To give pleasure takes work – the beautiful, hard work of shared creation. Here, the choreography of an erotic human/puppet encounter is determined at rehearsal, by Vanessa Ellen Hentschel, Joe Dimuzio, Steve Xander Carson, and Laura Heikkinen . . . and of course the Chevalier.
The creativity extended to every aspect of the production, including the masks offered to the patrons: wear one, and become visible to the players, to be acknowledged, to join in flirtation, or something darker …. Kat Thacker‘s artistry turned mulberry paper, linen, and silk ribbon into mystery.
[Photos: Poppy cast courtesy Rick Lieder, Chevalier and KK courtesy Diane Cheklich, masks courtesy Kat Thacker.]
. . . and allowing them to use you, as the narrative take shape, takes hold, and takes you over: this was the task today at the brothel, rehearsal with the beta testers, a very small group of patrons (thank you, Allen Grahlman, John Monaghan, Madison McEvilly, Nicole Rhoads and Michael Kitchen) who were the first to step inside this performance, and examine and experience it for themselves.
Afterward we had a talkback in the parlor, wherein impressions were exchanged and questions (almost) answered. The freedom within the performance – of the players; of the patrons, who might watch, or climb the stairs, or follow a certain floozy – was much discussed. The story is told all around you, in a strangely quiet second floor room, in the midst of a bawdy dance, in the glance one character gives another that you’ve been lucky enough, observant enough, to catch.
This landscape is about desire.
You’ll see what you want to see.
What happens in the making of a moment – a look between characters, refracted by a foxed mirror; a weighted phrase repeated; hard discussions of the past that is never, ever past, especially for our three lead characters – happens both in the moment of rehearsal, in the cool grey afternoon light of the third floor, and in the moment a patron will see it enacted, by an actor. Or a puppet.
Or . . . not see. This gesture, that frown, that shrug of silk or slow, strangled smile, all are made in the moment, and perhaps in that moment you are looking at Istvan, say, or watching Decca, when one of the floozies laughs; or perhaps that floozy glances bewitchingly at you . . . Like life, it happens once, and then no more. Keep your eyes open, dear patrons, when you pass through our doors.
We are pleased to note that the April 12 and April 20 performances are sold out, with the April 13 performance just about to do the same. The premium performance on April 19 has space available, still, for the especially desirous. And for those who have asked, you may indeed wear your own mask!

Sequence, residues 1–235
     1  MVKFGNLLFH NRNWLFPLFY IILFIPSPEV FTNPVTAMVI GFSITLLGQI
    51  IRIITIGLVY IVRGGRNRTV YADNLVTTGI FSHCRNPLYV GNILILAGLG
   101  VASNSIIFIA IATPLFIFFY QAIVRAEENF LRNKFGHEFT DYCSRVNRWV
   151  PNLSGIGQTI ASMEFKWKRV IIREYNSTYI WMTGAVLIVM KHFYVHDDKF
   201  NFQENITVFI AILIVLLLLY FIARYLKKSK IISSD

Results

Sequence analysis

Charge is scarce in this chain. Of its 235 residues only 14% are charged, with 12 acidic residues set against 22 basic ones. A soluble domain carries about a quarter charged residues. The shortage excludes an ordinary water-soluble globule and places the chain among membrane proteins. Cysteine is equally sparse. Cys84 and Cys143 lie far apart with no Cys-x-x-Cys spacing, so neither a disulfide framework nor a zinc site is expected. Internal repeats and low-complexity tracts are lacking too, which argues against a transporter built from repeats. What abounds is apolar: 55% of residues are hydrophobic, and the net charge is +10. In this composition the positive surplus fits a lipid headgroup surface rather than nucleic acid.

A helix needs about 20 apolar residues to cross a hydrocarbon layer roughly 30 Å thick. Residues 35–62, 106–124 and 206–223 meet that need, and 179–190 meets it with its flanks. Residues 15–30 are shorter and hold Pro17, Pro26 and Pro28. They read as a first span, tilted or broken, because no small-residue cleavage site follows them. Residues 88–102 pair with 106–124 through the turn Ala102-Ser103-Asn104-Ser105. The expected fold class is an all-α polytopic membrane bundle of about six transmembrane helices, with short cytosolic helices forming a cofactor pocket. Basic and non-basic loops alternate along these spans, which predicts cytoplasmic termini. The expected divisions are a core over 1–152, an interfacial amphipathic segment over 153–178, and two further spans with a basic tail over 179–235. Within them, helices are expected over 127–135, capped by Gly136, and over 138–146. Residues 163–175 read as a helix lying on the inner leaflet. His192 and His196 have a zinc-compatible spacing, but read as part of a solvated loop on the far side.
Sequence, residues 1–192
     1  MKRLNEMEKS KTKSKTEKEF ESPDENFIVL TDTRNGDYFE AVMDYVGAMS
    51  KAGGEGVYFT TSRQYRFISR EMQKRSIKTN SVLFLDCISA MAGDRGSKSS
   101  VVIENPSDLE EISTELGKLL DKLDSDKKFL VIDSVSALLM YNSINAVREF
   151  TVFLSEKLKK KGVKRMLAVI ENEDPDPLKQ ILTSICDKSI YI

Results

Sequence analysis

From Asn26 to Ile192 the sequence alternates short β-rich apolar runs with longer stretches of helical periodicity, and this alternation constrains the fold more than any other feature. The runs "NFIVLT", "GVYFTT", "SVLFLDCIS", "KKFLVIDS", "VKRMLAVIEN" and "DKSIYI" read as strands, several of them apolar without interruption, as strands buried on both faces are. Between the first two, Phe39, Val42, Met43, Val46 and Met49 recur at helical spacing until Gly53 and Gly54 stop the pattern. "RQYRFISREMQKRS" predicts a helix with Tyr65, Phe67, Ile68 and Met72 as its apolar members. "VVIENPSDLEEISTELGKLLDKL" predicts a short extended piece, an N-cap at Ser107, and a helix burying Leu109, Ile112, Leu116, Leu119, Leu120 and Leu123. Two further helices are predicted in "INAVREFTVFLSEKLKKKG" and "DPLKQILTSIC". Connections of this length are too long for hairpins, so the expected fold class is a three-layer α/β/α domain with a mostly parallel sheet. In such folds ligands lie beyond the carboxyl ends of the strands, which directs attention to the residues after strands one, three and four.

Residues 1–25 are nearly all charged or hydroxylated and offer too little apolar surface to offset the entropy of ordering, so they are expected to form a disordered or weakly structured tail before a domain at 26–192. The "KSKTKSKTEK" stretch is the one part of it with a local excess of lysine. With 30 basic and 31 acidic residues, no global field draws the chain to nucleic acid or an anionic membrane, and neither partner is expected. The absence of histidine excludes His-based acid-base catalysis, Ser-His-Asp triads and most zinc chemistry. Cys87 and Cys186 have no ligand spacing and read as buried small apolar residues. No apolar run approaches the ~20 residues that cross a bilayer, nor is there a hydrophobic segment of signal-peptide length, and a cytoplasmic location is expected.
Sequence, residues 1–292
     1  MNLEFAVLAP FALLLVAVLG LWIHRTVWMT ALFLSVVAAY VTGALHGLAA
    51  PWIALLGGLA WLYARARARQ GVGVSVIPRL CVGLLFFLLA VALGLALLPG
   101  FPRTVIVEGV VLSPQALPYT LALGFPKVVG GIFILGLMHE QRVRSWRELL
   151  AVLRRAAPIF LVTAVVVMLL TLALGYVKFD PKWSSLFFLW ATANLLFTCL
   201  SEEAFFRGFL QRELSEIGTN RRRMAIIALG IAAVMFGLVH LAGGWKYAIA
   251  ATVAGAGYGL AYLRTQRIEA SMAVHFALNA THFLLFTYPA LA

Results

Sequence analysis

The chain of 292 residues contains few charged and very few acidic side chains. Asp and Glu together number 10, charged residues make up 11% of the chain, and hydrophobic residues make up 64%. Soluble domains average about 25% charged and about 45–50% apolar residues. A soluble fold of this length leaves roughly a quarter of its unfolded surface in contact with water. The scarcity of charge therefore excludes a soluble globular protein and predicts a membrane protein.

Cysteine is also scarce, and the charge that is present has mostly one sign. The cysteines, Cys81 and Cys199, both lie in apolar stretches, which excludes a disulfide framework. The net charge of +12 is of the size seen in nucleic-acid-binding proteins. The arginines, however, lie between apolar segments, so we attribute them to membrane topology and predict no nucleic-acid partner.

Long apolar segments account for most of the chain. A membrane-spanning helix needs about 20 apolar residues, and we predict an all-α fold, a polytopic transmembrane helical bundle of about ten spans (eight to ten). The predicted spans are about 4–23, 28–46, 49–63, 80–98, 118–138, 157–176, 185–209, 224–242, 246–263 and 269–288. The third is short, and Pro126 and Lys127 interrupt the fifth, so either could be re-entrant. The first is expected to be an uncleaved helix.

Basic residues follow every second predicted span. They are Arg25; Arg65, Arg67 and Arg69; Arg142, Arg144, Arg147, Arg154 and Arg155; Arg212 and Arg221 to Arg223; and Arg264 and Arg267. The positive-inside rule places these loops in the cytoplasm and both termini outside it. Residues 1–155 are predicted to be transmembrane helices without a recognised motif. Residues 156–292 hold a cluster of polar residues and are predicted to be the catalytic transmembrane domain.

These HowlRound pieces by Jeffrey Mosser are completely fascinating, from both a creator’s and a consumer’s perspective. At a recent performance by The New Theatre Project, I was one of the audience members (if that’s the correct designation; I’d be inclined to say it’s not) invited to dance by a member of the company; I accepted with huge pleasure; it was another, physical entry-point into the world of the story, a way to go even deeper. [Photo: Keith Paul Medelis, TNTP.]
This has always been one of the engines driving the creation of the Poppy performance: another way to offer the story, a way for those so inclined to take the self into the brothel-world. The performance event doesn’t “replace” the reading of the book, or vice versa; they’re meant to be complementary. Both take place within the mind. Both are plastic, depending on a receptive intelligence to help create the experience; without a reader, what is a book? Without patrons, how empty is a brothel?
It’s my great hope that those who choose to be part of the Poppy in Detroit will find the experience a memorable one, will leave smelling it on their skins; will feel, as when we read a work that stirs us, that some willing, private mind has been in full conversation with our own. There will be as many stories of this brothel as there are patrons. And they will all be told in the dark.
Somewhere, Cora Pearl is smiling, and of course it makes perfect sense: Why not name a suite for the floozy who matches its glamour with her own glorious excess?
Here at the brothel, we have a similar offer in mind for our patrons; details will follow in early 2013. Cora, we are sure, would thoroughly approve.